Spring is a time of renewal, a time to roll up your sleeves and clean out that cluttered garage or attic. Like your home, your health can be neglected and start to collect (metaphorical) dust. Spring is the perfect time to get your health back on track.
The American Heart Association offers some easy ways to spring clean your health, with the help of their health experts:
Clear out clutter
Spring cleaning can create peace of mind and keep you moving. Dig into closets, the garage, and the attic, and get rid of junk that’s been piling up. Clean baseboards. Wash windows, and let the sunshine in.
Sure, it may sound like plain old labor, but it can also be healthy. Remember, physical activity is not strictly defined as working out at a gym or running laps around a track. General house cleaning can burn up to 136 calories per hour. Moving heavy items and carrying boxes can increase that to 340 calories per hour, according to the website Calorie Lab.
“So, pump up the music and start cleaning out the closets. Add in a few dance moves to step up the fun,” said Teresa Kay-Aba Kennedy, a holistic health counselor, a Harvard Business School-trained strategist and an American Heart Association spokeswoman.
Besides helping with physical activity, clearing away clutter can remove “visual noise” from your daily life, Kennedy said.
Furthermore, your “junk” may have financial value, she noted. Donating household items to a charity not only helps others who need those pots and pans and clothes, but it brings the added benefit of a potential tax deduction. For guidance on charitable deductions, check with the IRS or your accountant.
Keep your food supply updated and healthy
Your kitchen may be due for some spring cleaning, too.
“One aspect of spring cleaning is to literally clear the cupboards,” Kennedy said. A kitchen filled with the wrong kinds of food can sabotage your healthy eating intentions. Kennedy advises keeping the refrigerator organized and throwing out leftovers after three days.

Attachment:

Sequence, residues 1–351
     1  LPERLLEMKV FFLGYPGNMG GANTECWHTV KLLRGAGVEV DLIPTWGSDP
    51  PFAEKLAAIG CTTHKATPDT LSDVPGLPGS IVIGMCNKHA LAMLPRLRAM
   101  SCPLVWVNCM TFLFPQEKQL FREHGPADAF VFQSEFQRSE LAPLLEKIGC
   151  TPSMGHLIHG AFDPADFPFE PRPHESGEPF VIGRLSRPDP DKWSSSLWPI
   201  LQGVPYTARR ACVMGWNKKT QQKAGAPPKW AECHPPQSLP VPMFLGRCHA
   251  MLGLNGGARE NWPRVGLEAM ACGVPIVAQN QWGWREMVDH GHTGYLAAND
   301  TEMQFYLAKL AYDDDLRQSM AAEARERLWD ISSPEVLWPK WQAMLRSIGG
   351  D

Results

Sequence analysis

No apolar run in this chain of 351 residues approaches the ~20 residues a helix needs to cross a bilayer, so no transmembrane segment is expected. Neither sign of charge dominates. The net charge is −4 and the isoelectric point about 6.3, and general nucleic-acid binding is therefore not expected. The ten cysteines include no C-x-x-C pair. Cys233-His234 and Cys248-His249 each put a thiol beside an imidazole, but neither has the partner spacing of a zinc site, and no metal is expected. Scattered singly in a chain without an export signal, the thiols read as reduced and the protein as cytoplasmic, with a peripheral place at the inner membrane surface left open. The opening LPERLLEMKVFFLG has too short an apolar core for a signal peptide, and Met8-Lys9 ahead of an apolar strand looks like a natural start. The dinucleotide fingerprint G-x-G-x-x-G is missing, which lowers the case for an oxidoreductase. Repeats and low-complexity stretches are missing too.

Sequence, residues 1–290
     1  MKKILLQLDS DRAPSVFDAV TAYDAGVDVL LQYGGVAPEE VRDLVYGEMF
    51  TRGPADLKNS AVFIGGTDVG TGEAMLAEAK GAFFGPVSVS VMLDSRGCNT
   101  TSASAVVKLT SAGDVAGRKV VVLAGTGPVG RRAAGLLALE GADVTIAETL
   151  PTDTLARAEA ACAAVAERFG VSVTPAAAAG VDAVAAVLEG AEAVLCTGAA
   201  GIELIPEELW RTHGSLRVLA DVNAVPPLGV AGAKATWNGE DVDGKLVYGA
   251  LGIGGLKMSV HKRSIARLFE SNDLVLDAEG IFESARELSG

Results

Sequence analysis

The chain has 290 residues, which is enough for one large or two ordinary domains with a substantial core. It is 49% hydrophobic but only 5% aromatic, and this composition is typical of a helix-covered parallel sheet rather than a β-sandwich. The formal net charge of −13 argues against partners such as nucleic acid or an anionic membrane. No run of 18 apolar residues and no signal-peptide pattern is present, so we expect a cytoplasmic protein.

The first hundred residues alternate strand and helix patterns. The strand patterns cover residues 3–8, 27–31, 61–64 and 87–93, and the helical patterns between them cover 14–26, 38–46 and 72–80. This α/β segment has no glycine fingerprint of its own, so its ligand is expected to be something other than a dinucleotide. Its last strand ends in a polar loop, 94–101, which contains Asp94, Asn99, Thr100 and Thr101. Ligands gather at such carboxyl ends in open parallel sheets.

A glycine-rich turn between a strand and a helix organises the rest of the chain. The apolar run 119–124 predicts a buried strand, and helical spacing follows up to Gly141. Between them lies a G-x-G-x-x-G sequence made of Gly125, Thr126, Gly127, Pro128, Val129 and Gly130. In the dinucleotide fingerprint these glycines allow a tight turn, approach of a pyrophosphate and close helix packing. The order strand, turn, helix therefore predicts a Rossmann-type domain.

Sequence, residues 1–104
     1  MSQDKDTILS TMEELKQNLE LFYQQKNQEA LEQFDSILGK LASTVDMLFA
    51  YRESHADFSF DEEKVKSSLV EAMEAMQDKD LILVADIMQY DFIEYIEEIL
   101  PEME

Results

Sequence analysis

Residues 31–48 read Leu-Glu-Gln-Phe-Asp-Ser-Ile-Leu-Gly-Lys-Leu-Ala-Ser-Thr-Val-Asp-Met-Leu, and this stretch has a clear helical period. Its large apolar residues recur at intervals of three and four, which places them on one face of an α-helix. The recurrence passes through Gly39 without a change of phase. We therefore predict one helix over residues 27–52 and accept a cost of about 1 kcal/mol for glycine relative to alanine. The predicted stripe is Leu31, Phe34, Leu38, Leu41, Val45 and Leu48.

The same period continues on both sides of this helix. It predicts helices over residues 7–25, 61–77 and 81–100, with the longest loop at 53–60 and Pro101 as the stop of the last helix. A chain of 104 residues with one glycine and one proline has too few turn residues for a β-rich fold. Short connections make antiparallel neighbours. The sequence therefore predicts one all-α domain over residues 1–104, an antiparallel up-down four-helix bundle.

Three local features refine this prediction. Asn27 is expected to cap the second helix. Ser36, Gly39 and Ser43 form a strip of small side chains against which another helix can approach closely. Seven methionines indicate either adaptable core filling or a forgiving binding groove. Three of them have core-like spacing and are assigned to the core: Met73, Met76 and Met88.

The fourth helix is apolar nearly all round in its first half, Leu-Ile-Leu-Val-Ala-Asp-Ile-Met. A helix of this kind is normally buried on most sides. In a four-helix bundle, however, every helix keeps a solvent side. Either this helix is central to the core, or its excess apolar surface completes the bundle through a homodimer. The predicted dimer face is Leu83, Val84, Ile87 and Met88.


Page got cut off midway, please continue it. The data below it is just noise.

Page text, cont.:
Then, as you restock, add more fruits, vegetables, whole grains and fish.
Experiment with spices to reduce salt intake while keeping your food tasty. Try to reduce your reliance on processed meals and snacks, and avoid added sugars in foods and beverages. With basketball’s March Madness upon us, marathon television watching and unhealthy snacking with friends could be in your future.
For healthier eating at these social events, consider taking something to the party that you can munch on without hurting your healthy eating plan. Think about bringing along some plantain chips instead of potato chips. Or hummus instead of sour cream-based dip.
To manage stress and boost your mood, go outdoors and spruce up your yard or patio. Pulling weeds, lifting rocks, carrying pots, and pushing a wheelbarrow all increase your physical activity. Gardening uses several muscles and can help with flexibility and strength. Think about all those squats that tend to come with yard work. That’s exercise.
Creating a pleasant outdoor space can also help you find a “zone of peace” for sitting and reflecting, Kennedy said. Studies have indicated that regular interaction with the natural environment can result in a range of health benefits.
“Getting back to nature can help you connect with yourself and improve your overall sense of well-being,” she said.
Along with contributing to your overall health, physical activity helps you get ready for the shorts and swimsuits of an upcoming spring or summer vacation. It also prepares you for the physical challenges of a special outdoor outing you may be planning.
Doctors recommend at least 30 minutes of moderate physical activity at least five days a week on average. That’s part of the American Heart Association’s “Life’s Simple 7,” specific behaviors and factors that have the biggest impact on heart health. In addition to getting active, the list includes eating better, losing weight, controlling cholesterol, managing blood pressure, reducing blood sugar and quitting smoking.
Keep in mind that physical activity can be as simple as taking a brisk walk, dancing, or taking the stairs instead of an elevator.
Maintaining your exercise momentum may come down to knowing the “motivating why,” Kennedy said. Then, the “how” to do it becomes easier.
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